1874 The Monthly Microscopical Journal  
1873.-It is somewhat singular that much as has been done in the direction of discovering what is the exact nature of the cause of hay-fever, it is yet a question which can hardly be considered perfectly answered. Yet certainly we cannot but say that the author of the present work has done much toward its discovery, and has certainly, in our opinion, put US better on the road than we were previously. Of course our readers are aware that already much had been done toward the completion of tho
more » ... mpletion of tho theory of the pollen origin of the disease when Mr. Blackley took the question in hand. But he has certainly merited great credit for the ingenuity he has displayed in inventing and constructing the numerous contrivances which are described in this volume, for the purpose of collecting, under certain given conditions, the amount of pollen present in the atmosphere. Indeed in all that relates to the microscopical examination of the matter he has been at considerable pains to render his conclusion irrefutable, and hence his opinions deserve most careful consideration. But we think it a pity that he has in many cases gone over ground which really was sufficiently trampled already, that he has in dealing with the question endeavoured to prove facts which might be regarded as already adequately cleared up.. Of course one of the great difficulties of his view of the causes of this disease is the fact that several of the symptoms presented by the more severe cases of the malady are not referable to the influence of the pollen grains as externally irritating the mucous membrane. But the author offers the following remarks which seem to us worthy of consideration :-lr I have found by experiment that the granular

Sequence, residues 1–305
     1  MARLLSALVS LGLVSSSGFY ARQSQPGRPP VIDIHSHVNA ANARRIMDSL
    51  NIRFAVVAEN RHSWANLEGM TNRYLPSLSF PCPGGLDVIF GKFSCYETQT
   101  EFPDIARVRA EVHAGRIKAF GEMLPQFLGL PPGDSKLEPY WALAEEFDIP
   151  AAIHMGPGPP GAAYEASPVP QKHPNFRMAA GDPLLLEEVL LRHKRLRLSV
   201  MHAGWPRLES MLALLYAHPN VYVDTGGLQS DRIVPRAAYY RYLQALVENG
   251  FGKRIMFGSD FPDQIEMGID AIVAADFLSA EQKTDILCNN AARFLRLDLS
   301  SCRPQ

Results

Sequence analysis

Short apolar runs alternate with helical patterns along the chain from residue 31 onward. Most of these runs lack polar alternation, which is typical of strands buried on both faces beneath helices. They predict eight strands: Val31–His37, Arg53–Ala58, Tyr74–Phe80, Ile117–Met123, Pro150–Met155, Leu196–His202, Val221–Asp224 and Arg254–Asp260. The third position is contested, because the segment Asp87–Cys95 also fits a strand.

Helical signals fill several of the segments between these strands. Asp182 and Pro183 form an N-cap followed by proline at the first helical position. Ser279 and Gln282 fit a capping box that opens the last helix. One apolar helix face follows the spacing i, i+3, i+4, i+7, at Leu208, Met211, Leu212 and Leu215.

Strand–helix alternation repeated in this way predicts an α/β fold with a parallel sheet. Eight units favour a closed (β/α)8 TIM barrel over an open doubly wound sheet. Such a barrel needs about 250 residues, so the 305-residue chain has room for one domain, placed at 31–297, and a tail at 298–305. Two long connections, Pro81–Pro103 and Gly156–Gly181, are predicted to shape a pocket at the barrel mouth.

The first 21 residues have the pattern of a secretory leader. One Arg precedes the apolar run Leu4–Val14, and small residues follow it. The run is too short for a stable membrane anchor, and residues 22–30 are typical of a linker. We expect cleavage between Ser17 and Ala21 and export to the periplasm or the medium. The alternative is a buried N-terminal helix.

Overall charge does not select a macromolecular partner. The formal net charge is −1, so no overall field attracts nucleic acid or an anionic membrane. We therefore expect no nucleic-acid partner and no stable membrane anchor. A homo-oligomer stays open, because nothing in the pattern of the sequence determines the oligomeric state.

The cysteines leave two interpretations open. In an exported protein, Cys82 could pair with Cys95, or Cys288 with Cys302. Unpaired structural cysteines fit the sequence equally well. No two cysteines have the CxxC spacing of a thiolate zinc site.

doi:10.1111/j.1365-2818.1874.tb00821.x fatcat:jifdfozijfadlfsbnzgr7rq4hq